Enchanted creature gets +2/+2 and has "Whenever this creature attacks, untap all lands you control."
Totem armor (If enchanted creature would be destroyed, instead remove all damage from it and destroy this Aura.)
6/15/2010 Totem armor’s effect is mandatory. If the enchanted permanent would be destroyed, you must remove all damage from it and destroy the Aura that has totem armor instead.
6/15/2010 Totem armor’s effect is applied no matter why the enchanted permanent would be destroyed: because it’s been dealt lethal damage, or because it’s being affected by an effect that says to “destroy” it (such as Doom Blade). In either case, all damage is removed from the permanent and the Aura is destroyed instead.
6/15/2010 If a permanent you control is enchanted with multiple Auras that have totem armor, and the enchanted permanent would be destroyed, one of those Auras is destroyed instead — but only one of them. You choose which one because you control the enchanted permanent.
6/15/2010 If a creature enchanted with an Aura that has totem armor would be destroyed by multiple state-based actions at the same time the totem armor’s effect will replace all of them and save the creature.
6/15/2010 If a spell or ability (such as Planar Cleansing) would destroy both an Aura with totem armor and the permanent it’s enchanting at the same time, totem armor’s effect will save the enchanted permanent from being destroyed. Instead, the spell or ability will destroy the Aura in two different ways at the same time, but the result is the same as destroying it once.
6/15/2010 Totem armor’s effect is not regeneration. Specifically, if totem armor’s effect is applied, the enchanted permanent does not become tapped and is not removed from combat as a result. Effects that say the enchanted permanent can’t be regenerated (as Vendetta does) won’t prevent totem armor’s effect from being applied.
6/15/2010 Say you control a permanent enchanted with an Aura that has totem armor, and the enchanted permanent has gained a regeneration shield. The next time it would be destroyed, you choose whether to apply the regeneration effect or the totem armor effect. The other effect is unused and remains, in case the permanent would be destroyed again.
6/15/2010 If a spell or ability says that it would “destroy” a permanent enchanted with an Aura that has totem armor, that spell or ability causes the Aura to be destroyed instead. (This matters for cards such as Karmic Justice.) Totem armor doesn’t destroy the Aura; rather, it changes the effects of the spell or ability. On the other hand, if a spell or ability deals lethal damage to a creature enchanted with an Aura that has totem armor, the game rules regarding lethal damage cause the Aura to be destroyed, not that spell or ability.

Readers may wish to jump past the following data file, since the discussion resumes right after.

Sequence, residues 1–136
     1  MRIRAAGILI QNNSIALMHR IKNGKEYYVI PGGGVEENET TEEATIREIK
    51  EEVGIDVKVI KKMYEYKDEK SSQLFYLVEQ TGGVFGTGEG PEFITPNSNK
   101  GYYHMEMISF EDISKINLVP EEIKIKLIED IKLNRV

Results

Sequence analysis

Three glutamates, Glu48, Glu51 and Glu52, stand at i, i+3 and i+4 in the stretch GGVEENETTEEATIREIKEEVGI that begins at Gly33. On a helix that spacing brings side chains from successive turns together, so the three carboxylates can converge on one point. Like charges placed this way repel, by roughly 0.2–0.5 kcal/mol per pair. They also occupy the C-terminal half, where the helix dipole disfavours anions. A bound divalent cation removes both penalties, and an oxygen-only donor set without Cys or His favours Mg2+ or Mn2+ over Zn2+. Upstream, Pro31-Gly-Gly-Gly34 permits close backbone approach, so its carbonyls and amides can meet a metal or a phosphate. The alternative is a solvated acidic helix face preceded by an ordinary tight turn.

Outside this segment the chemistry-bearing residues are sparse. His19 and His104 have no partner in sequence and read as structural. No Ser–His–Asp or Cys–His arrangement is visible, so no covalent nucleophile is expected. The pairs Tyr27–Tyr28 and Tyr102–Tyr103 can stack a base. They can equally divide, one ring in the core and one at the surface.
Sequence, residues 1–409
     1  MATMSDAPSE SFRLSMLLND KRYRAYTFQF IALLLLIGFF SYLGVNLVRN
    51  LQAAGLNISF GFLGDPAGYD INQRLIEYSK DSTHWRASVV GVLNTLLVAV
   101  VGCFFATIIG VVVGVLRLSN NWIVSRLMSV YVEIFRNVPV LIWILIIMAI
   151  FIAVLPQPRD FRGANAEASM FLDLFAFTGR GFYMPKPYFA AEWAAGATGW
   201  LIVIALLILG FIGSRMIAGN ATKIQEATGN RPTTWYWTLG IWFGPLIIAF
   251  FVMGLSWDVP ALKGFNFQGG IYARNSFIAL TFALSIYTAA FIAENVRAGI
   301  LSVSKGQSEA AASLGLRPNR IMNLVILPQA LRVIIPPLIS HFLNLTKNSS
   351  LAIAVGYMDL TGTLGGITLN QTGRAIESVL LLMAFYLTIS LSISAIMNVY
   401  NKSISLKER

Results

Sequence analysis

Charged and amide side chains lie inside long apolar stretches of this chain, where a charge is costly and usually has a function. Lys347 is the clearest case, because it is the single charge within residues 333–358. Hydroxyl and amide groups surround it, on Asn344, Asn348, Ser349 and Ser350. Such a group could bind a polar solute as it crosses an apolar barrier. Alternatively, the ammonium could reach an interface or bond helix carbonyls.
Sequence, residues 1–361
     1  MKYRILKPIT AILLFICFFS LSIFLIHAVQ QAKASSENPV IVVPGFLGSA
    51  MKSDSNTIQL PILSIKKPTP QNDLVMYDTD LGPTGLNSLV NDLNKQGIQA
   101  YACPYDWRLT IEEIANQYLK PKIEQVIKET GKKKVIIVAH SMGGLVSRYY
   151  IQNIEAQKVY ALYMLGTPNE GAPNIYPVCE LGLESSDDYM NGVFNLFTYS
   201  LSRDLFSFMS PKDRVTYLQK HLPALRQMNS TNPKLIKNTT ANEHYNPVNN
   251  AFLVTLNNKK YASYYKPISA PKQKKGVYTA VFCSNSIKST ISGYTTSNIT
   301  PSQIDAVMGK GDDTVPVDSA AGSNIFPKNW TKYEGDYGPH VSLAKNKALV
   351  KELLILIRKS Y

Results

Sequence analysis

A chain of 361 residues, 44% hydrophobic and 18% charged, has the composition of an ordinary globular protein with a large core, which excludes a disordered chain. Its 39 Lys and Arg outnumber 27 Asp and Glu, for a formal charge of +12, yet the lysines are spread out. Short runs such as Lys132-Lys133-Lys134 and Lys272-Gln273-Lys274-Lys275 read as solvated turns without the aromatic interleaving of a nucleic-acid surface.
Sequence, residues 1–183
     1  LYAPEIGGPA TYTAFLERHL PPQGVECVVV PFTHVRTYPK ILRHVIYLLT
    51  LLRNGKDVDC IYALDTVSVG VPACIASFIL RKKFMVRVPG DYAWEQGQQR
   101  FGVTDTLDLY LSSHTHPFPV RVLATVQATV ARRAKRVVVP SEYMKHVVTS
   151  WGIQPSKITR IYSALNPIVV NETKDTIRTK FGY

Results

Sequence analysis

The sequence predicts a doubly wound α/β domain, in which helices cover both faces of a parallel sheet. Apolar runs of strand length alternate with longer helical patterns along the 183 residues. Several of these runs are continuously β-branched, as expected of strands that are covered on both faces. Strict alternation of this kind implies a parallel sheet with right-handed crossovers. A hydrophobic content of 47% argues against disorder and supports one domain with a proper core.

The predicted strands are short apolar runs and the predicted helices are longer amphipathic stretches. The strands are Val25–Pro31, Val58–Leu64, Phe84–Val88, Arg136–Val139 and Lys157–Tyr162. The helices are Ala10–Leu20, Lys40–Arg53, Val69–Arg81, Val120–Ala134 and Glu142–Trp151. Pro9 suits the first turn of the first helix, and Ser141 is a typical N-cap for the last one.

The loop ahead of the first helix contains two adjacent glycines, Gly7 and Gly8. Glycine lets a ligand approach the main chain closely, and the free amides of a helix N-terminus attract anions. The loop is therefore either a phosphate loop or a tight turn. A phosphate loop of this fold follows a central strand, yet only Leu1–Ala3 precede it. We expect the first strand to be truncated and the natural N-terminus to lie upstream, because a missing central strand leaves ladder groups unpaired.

6/15/2010 When the enchanted creature attacks, all lands controlled by that creature’s controller (who is not necessarily the Aura’s controller) untap.
7/1/2013 Totem armor has no effect if the enchanted permanent is put into a graveyard for any other reason, such as if it’s sacrificed, if it’s legendary and another legendary permanent with the same name is controlled by the same player, or if its toughness is 0 or less.
7/1/2013 If a creature enchanted with an Aura that has totem armor has indestructible, lethal damage and effects that try to destroy it simply have no effect. Totem armor won’t do anything because it won’t have to.
7/1/2013 Say you control a permanent enchanted with an Aura that has totem armor, and that Aura has gained a regeneration shield. The next time the enchanted permanent would be destroyed, the Aura would be destroyed instead — but it regenerates, so nothing is destroyed at all. Alternately, if that Aura somehow gains indestructible, the enchanted permanent is effectively indestructible as well.